MB: OK Mr. and Mrs. Client, are you currently renting or buying your current residence?

Client: We’re renting and we pay $1800 dollars a month for a 3/2.  My wife and I both work and Joey and Cindy go to middle school.

MB:  Well Clients, let me take a look at your credit, income, and assets, as well as find out how much down payment you have and I can give you an idea how much house you can afford based on your specifications and buying objective.

Client: Great!

MB:  Oh-Oh Clients; your credit has some dings and issues we need to address and your credit scores will prevent you from getting a conventional loan.  The good news is I can still get you a loan; the bad news is the rate will be a little a higher than a conventional loan and you will have to refinance this loan in 2 to 3 years when those credit issues are handled and your credit score has gotten better (if they do at all).

Don’t worry, the way the market is going, you’ll have gained great equity in your home after just 2 or 3 short years.  Then we’ll put you into a conventional 30 year fixed with a better rate!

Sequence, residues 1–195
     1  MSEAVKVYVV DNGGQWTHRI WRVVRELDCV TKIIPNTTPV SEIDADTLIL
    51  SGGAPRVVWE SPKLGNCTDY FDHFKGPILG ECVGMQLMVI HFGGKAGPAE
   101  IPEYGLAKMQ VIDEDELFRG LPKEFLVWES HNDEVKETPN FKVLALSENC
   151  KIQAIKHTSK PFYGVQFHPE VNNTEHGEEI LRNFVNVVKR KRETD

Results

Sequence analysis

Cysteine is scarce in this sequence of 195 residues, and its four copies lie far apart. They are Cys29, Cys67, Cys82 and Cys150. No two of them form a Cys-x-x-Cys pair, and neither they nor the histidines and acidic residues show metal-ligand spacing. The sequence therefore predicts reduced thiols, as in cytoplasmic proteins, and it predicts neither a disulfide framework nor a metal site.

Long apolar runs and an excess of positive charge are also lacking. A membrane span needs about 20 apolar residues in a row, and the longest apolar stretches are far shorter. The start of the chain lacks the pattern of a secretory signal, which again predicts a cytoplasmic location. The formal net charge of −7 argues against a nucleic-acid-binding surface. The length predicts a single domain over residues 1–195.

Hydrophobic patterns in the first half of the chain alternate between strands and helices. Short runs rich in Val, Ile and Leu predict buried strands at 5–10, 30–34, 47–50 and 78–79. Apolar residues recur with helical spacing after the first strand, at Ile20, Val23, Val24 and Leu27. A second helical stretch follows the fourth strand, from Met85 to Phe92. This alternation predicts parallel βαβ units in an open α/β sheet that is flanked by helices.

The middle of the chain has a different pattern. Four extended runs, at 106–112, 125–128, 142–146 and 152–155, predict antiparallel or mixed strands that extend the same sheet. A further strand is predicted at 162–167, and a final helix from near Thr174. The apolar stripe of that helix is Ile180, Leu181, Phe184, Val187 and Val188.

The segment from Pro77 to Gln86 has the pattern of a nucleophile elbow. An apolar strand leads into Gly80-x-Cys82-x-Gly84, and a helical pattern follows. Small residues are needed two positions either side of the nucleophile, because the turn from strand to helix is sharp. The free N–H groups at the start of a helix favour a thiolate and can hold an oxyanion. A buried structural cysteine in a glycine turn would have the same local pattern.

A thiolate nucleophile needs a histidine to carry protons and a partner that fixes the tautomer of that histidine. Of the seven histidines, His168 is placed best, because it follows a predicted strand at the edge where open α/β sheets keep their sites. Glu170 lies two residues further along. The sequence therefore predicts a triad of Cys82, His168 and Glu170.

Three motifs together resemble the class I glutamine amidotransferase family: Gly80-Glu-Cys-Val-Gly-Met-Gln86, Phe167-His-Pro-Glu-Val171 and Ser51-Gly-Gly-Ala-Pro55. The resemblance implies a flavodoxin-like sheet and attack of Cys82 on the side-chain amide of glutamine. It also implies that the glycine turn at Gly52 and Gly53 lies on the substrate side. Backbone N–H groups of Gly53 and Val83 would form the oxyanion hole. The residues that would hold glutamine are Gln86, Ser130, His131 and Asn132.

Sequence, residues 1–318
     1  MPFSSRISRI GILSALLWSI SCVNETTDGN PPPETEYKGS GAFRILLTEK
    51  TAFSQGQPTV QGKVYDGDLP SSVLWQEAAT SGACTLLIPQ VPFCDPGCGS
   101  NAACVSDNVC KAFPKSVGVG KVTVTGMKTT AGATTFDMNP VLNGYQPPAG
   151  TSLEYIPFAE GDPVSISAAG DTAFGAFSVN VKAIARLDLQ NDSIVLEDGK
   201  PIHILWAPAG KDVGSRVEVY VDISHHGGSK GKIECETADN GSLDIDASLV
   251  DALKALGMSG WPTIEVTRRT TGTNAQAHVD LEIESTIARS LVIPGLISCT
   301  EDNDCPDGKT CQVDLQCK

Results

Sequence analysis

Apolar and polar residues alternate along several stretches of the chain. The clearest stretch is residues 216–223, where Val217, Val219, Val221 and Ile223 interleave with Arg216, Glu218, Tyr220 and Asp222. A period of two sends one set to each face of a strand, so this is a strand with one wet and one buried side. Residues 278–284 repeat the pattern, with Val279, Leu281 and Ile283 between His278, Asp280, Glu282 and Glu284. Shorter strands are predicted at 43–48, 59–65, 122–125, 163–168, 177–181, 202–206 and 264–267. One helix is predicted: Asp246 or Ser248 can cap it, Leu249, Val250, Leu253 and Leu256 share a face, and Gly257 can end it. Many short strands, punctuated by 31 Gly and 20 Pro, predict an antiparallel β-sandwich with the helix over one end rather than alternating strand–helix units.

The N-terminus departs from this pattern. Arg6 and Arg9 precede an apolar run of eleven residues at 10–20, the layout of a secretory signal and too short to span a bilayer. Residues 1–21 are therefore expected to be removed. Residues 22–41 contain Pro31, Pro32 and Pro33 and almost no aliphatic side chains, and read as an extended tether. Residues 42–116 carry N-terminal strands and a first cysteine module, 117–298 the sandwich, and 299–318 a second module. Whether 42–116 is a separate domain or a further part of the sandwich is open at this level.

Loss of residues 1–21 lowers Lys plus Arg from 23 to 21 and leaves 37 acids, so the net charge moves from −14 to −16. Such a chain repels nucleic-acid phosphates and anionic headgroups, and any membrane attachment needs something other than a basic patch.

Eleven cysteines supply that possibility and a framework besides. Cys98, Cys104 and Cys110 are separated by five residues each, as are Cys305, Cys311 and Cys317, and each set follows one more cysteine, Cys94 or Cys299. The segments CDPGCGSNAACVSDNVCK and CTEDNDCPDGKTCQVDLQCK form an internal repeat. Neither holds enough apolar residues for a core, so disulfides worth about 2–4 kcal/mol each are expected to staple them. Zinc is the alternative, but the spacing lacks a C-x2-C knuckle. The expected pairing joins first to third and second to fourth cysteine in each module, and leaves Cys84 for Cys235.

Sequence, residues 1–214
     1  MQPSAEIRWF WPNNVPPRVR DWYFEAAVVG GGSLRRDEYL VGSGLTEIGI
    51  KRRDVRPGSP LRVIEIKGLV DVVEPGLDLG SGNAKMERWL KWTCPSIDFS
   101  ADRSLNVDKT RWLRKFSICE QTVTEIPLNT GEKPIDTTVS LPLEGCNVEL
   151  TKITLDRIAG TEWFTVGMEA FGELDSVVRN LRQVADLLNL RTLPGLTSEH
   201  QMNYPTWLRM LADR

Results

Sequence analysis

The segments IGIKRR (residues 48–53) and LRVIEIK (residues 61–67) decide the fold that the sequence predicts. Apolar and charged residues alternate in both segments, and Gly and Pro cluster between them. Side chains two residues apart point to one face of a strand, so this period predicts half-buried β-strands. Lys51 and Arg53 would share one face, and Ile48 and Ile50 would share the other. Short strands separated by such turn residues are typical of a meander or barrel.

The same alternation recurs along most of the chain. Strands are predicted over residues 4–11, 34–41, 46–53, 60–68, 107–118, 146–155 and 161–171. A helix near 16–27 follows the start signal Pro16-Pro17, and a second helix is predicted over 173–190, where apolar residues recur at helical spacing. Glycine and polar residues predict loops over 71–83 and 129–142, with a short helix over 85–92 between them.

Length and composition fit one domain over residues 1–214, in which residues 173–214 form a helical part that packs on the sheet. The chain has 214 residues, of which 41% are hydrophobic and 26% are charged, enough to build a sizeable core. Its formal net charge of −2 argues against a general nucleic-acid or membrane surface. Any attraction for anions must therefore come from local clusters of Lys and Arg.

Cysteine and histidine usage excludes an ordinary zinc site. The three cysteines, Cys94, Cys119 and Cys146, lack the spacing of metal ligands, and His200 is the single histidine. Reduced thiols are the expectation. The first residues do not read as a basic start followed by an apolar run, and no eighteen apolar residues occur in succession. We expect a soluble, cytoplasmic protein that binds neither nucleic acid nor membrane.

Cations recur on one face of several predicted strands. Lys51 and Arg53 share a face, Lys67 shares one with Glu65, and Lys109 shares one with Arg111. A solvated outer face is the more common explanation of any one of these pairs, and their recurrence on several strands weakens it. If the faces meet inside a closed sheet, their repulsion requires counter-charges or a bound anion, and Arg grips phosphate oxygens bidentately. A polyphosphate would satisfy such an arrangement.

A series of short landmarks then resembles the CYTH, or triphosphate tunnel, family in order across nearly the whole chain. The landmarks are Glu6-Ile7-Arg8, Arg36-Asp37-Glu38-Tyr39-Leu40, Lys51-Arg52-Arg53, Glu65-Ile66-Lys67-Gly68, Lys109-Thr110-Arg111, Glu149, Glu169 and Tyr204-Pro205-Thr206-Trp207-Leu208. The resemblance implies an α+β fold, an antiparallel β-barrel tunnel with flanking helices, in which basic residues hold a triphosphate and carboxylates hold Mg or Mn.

Client: Why can’t I refinance before then?

MB: Because the bank has made it cost-prohibitive by including a harsh pre-payment penalty if you refinance before the fixed period is over.

Now here’s a question the Client never asked and the Mortgage Broker never brought up; WHAT IF?   The conversation should have continued this way;

Client:  What if something happens and I can’t refinance after 2 or 3 years?

MB:  Then your payment will triple, the loan becomes adjustable, and you’re in trouble!

Real Life Conclusion:  You see; these people weren’t choosing to take a 2/28 or a 3/27 mortgage instrument in which to purchase their home because of cognitive limitations or because they couldn’t answer 5 simple math questions as the real life challenged academic Mr. Meier hypothesized.